Life Is For Living: Conversations with Coward OFF-BROADWAY REVIEWS

Photo: Sara Krulwich

  • Opening Night:
    December 18, 2016
    January 1, 2017

    Theater: 59E59 Theaters / 59 East 59th St., New York, NY, 10022


    Simon Green and David Shrubsole, the creators of the sold-out Coward at Christmas, the Drama Desk-nominated Traveling Light and So, This Then is Life, return to 59E59 Theaters with an imaginative, musical new show for the festive season celebrating Sir Noel Coward's remarkable impact on British and American culture.
    Fusing theatricality, music, and conversations (both real and imagined) with gems from British musical icon Ivor Novello, Life is for Living blends the wit of Fascinating Aida's Dillie Keane and the satire of Jeremy Nicholas with the wisdom of Maya Angelou, the lyricism of Irving Berlin, and the syncopation of George Gershwin.

    A uniquely British take on the twists and turns of life, the show will include Shrubsole's original compositions and Coward poetry set to music, plus old favorites newly re-scored and classics from "The Master" himself.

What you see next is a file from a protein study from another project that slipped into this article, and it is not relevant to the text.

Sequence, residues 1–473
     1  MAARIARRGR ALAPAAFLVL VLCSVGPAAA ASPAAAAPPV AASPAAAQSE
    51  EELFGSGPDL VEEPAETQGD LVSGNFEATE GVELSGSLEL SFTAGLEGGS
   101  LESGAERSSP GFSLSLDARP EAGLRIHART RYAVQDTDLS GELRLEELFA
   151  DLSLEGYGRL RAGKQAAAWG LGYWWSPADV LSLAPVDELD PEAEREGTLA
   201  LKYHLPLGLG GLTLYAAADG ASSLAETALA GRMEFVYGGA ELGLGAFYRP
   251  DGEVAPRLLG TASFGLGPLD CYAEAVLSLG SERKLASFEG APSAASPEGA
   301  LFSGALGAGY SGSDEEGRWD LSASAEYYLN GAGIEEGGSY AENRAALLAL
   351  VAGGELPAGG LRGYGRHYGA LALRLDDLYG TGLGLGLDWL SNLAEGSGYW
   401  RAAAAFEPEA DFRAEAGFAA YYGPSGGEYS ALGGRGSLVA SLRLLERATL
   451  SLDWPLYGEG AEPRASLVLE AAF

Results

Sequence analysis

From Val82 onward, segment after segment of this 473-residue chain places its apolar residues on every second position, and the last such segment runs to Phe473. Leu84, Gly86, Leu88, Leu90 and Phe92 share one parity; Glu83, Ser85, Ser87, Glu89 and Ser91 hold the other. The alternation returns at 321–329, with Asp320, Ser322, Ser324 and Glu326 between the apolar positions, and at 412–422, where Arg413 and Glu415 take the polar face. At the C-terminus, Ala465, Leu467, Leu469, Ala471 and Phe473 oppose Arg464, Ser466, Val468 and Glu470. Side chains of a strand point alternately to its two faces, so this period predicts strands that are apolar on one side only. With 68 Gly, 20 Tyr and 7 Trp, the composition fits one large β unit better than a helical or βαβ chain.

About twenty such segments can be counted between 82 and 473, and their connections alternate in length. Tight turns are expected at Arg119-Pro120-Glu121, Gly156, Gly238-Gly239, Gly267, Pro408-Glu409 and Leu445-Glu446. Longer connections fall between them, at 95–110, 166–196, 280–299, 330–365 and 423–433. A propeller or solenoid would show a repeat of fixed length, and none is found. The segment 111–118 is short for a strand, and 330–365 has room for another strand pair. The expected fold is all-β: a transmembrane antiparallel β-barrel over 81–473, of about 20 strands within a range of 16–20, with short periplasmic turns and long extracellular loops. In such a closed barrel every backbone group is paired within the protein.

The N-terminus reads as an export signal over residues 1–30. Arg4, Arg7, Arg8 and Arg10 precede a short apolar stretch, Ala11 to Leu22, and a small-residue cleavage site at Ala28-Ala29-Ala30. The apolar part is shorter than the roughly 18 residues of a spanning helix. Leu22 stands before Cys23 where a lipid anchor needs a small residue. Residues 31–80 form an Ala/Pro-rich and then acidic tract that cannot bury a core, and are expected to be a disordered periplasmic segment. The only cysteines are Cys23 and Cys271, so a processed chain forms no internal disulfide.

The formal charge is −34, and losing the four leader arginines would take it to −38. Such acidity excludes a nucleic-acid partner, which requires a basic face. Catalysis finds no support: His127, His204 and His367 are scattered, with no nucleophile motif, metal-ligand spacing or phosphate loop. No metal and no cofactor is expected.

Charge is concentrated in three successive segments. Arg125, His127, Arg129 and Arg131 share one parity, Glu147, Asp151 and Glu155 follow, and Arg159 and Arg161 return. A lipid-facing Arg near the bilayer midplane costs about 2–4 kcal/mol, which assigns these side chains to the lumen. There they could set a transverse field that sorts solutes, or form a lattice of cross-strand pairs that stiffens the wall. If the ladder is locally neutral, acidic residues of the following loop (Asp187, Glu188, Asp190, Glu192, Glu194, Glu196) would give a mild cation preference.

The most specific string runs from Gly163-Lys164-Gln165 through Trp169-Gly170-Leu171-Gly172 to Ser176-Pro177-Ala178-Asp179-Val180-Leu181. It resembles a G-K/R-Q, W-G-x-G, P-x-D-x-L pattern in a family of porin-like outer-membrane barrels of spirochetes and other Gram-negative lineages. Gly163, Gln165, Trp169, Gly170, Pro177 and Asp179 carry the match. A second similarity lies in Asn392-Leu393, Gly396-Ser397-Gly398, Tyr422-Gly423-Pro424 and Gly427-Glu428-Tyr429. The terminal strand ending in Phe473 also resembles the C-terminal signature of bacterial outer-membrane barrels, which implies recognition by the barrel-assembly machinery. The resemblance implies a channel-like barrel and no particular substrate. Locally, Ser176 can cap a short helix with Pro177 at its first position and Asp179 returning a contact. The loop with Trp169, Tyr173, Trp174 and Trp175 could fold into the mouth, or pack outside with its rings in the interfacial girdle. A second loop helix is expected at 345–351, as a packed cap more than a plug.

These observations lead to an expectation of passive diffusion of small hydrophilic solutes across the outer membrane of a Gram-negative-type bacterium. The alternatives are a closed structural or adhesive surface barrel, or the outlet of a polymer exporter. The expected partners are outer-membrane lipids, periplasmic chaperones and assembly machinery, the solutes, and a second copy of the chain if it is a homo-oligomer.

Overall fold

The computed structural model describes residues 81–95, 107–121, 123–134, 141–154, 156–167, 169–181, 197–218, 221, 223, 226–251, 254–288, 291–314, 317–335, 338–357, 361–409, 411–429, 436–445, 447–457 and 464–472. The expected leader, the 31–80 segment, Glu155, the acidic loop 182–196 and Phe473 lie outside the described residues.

• NEW YORK TIMES REVIEW OF Life Is For Living: Conversations with Coward

    The Songs of Noël Coward, With Lightness and Bite

    Charles Isherwood

    December 18, 2016: No matter how festive your holiday party season may be, it is unlikely to reach the heights, or depths, described in Noël Coward’s irresistibly funny song “I Went to a Marvelous Party,” a highlight of “Life Is for Living,” a tribute to Coward created and performed by Simon Green and his accompanist at the piano, David Shrubsole. In that delicious song, delivered with the driest of wit by Mr. Green, the narrator recalls a season of decadent parties on the French Riviera, in cascades of rhymed lyrics that grow more lunatic as the song trundles along. “People’s behavior away from Belgravia would make you aghast,” he confides with ill-disguised glee. The show, which opened on Sunday at 59E59 Theaters, combines songs with snippets from Coward’s letters and diaries, in roughly chronological order, as well as some of his verse, set to music by Mr. Shrubsole. An underlying theme is the development of Coward’s famous persona: The eternal bon vivant gliding through the high life dispensing brittle wit.



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